The German term zeitgeist is generally rendered in English as the spirit of a given time, as shown in prevailing thought or customs. (Think, perhaps, how Carnaby Street reflected the social values of mid-1960s Britain.) In 2019, are Yukon audiences ready for an evening of music and comedy that offers a glimpse at the zeitgeist of contemporary life North of 60?
British Columbia theatre-makers Britt Small and Jacob Richmond think they are. So does Australian ex-pat Katherine McCallum. Small and Richmond are the co-founders of Victoria’s Atomic Vaudeville company, which has been staging popular cabaret shows on an ongoing basis for the past 15 years. They also put on such stage hits as Ride the Cyclone and Legoland. McCallum is artistic executive producer of Larrikin Theatre, a professional Whitehorse company she founded in 2015 after leaving the artistic director’s chair at the Guild Theatre.
Last year, after attending an Atomic Vaudeville cabaret in Victoria, McCallum approached the company’s artistic producer (Small) and artistic director (Richmond) with the idea of collaborating on a similar project in Whitehorse.
“We came up in September for three days and did kind of a ‘comedy creation’ workshop with a group of people. This was sort of a dream idea, but we didn’t know if people would support it financially,” Small explained. Once McCallum secured the necessary funding, the pair returned with a couple of Victoria-based actors in tow, to audition potential local performers. In January, they came to Whitehorse looking for local writers to provide insights into Yukon life.
“That was really great, to get a sense of what the feeling was from people, of where they live and who the people were and what were the big issues, all kinds of stuff like that,” Small said. “I think that’s when the cabaret works best, when it grows out of the community that it’s performing for.”
Small had recently completed a master’s degree in theatre and was trying to eke out a living as a performer when she met Richmond, who had worked in cabaret shows in Montreal before moving west.
“And I was noticing a shift in how people were viewing live performances. There was more and more burlesque happening at that time. Standup was starting to come back in a different way, even drag at that time. So there was a lot more diversity in that field,” she said.
“He (Richmond) went away on a writing retreat and while he was away I rented a venue and made a poster. When he came back, I said, ‘we’re doing a cabaret,’” Small said, laughing. “That’s kind of how we started. Originally, we would do them almost once a month, which was insane.”
As the format evolved, it adopted satirical conventions such as those used in the South Park animated TV series.
“To take issues that were happening, either in our community, or in our world, and kind of find a parallel to that, essentially.”
Sometimes, Small explained, they might reuse an established character or update a certain ‘bit’ because it has a good story structure, but past storylines don’t matter at all. Each one is very much its own unique show. It becomes a little bit like a study of the moment, of what’s going on, so that way it always feels contemporary and fresh. It will feel like it was written yesterday.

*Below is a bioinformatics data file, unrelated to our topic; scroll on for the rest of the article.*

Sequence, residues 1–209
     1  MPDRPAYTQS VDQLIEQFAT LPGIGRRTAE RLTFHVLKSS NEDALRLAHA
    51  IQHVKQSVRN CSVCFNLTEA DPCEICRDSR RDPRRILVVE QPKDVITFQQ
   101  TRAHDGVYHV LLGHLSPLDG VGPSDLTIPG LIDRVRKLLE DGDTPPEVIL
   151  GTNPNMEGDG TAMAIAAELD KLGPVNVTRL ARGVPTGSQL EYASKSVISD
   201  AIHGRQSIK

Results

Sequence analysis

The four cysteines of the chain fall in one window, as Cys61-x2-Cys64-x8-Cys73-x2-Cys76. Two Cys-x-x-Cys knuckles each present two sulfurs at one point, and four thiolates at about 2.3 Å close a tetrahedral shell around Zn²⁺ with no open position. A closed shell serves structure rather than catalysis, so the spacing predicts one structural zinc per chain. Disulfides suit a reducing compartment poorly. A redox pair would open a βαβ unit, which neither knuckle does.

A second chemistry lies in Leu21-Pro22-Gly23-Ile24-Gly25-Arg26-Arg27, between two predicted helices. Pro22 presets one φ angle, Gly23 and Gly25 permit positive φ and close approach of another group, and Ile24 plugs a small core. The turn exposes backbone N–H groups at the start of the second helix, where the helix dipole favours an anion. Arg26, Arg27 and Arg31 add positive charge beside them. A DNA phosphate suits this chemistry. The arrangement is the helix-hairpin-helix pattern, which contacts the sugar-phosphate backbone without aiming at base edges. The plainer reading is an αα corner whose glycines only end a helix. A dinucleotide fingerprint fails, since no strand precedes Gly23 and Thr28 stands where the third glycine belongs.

That’s the vibe the collaborating companies hope to achieve with North of the Sixtieth Parallel: A Zeitgeist Cabaret, which will run later this month as part of the Yukon Arts Centre’s residency program. Although the title calls it a cabaret, Small admits the show falls somewhere along the revue/vaudeville/burlesque/cabaret spectrum.
“I think we’re going to have to invent a new name, kind of like rhapsody, only for theatre. In some ways, it has the most in common with the musical. A musical rhapsody. A theatrical musical rhapsody, maybe,” she said.
Small feels it’s an appropriate form to capture the current zeitgeist.
“It’s very much dealing with what people are thinking about and including as many people as possible in that conversation and distilling it from there so you get a sense of ‘we the people,’ which I think is a really good way to think right now,” she said.
Beside Richmond and Small as principal writers, the show includes contributions from McCallum, Angela Drainville, Jenny Hamilton, Claire Ness and Rex Ternalcom. The opening premise finds “outsider” Sarah Murphy sharing her first impressions of Whitehorse with McCallum, the transplanted Australian, who quickly presents a different perspective.
Others in the core cast of 12 include Drainville, Jane Gaudet, Chris Hine, Jeremiah Kitchen, Chris Lovatt, Jim McGeragle, Kelly Scott, Kaori Torigai, Grant Waters and Brandon Wicke. They will be joined on various nights by special “celebrity” Yukon guests such as Claire Ness and Brenda Barnes.
Some of the sketches include an attempt to establish a boy band, a Robin Hood-style riff on Bernie Sanders and contemporary capitalism, and a look at who gets targeted for tourism marketing, and how. Small said new material might get added right until opening night.
“A lot of it will be set, but we always like to keep pieces a little bit floating.”
North of the Sixtieth Parallel: A Zeitgeist Cabaret runs Tuesdays to Saturdays from April 16 to April 27 at the Old Fire Hall. Show time is 8 p.m., with no late admissions.